By Jasmine Johnson
Special to the AFRO
Excitement and anticipation filled the ballroom at Morgan State University as over 300 students from across the city attended the Feb. 7 Healing Baltimore Conference. Healing City Baltimore and Morgan State University jointly hosted the event as part of a weekend of activities focused on reducing trauma.
“It really was an opportunity to have the community come together and begin what we consider a movement,” said Michael Sinclair, associate professor/ chair of Urban Youth and Families Specialization in the School of Social Work. “The movement is to really address some of the violence and trauma that Baltimore has experienced over the last couple of years.”
Healing City Baltimore is a coalition that has been engaging communities across the city about the need to heal from racial, social and economic issues that many face, especially young people. The Morgan event was part of a citywide partnership with input from youth groups, community groups and Coppin State University.
“It’s incredible to be here at Morgan State University with hundreds of young people across our city,” said Zeke Cohen, Baltimore City Councilman. “I know as a former teacher that children in Baltimore are amazing; that what’s portrayed every night on the news is not the whole story and not even accurate for most of our young people.”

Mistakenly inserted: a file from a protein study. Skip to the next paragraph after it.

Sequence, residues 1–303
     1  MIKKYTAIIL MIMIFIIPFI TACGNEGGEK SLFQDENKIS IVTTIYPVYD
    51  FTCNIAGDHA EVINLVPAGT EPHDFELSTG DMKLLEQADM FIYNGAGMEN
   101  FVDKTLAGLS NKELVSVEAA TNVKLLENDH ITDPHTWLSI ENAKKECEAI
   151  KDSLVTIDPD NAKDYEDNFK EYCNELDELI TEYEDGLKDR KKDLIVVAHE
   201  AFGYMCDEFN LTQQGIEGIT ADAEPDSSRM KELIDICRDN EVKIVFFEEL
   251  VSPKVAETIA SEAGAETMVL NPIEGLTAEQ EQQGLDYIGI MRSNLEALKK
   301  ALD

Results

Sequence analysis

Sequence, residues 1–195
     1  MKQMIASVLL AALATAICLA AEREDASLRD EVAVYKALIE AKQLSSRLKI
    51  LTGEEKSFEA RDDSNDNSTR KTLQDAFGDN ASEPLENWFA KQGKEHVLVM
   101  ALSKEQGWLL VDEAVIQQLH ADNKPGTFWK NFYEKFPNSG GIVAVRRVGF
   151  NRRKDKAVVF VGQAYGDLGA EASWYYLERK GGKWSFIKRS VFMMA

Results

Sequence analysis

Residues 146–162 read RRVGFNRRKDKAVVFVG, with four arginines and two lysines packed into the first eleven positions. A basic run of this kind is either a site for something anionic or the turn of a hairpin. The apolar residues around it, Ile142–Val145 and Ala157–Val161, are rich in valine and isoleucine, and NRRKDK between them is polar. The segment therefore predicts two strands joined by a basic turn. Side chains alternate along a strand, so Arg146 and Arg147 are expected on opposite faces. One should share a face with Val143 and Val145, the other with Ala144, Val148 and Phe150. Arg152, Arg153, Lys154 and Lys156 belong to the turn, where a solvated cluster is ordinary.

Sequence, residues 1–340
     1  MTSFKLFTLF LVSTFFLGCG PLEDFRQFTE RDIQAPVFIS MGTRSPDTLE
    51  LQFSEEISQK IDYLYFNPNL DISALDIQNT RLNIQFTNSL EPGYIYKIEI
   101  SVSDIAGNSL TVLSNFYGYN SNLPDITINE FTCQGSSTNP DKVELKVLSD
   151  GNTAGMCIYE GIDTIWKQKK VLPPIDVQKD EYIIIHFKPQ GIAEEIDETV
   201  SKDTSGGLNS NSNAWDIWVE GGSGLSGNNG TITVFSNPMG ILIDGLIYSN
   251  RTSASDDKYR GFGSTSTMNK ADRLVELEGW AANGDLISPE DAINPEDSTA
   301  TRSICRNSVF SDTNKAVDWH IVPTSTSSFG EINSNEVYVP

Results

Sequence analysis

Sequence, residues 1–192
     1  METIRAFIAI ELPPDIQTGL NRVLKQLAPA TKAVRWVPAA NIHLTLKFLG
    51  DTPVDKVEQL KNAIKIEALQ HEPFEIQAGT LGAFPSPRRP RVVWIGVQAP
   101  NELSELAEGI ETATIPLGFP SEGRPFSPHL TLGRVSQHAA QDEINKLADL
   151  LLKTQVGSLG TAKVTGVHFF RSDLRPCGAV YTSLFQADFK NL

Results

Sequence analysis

Cohen introduced the Baltimore City Trauma-Responsive Care Act back in July, 2019, and it passed earlier this year. The act was named for the late Rep. Elijah Cummings after the congressman’s death last October. Cohen said his goal is to help transform Baltimore into a “trauma-responsive city” that prevents violence by treating its root causes. Some Baltimore youth pushed hard for the legislation.
“To actually have something in store like a program for people is important,” said youth organizer BrianHa McMillion. Often times when children act out in school, it’s because they have personal issues that they’re dealing with at home. So we cannot leave them without any help at all.”
Students, parents, teachers, volunteers, and vendors interacted during the conference which included panel discussions, experts, and youth speakers who shared ideas about how to reduce trauma.
“They have been working on this as a way to bring the city and the community together to come out with some type of strategic effort that makes sense,” said Anna McPhatter, dean of the School of Social Work at Morgan.
Zoe Bramble is a young Baltimorean who has been active in the movement. She encouraged young Baltimoreans to stay hopeful no matter what they are going through. “You take responsibility for what you can manage and what you can grow from and do your best to fight through it,” Bramble said.
The Morgan event was part of a three-day summit included a workshops and a march from Coppin in West Baltimore February 9 that ended at Fredrick Douglass High School where Baltimore Mayor Bernard C. “Jack” Young signed the Elijah Cummings Healing City Act. The bill was signed at Douglass because one year ago a staff member was shot inside the building. Some Douglass High School students helped to write the bill because they dealt with trauma after the shooting and did not feel safe.
According to Cohen, over half of children in Baltimore have experienced one or more major traumas. Cohen said trauma intervention can help solve some of our city’s problems.
Specifically, the newly signed legislation creates a trauma-informed care task force and requires certain city agencies to have some employees trained in trauma-informed care.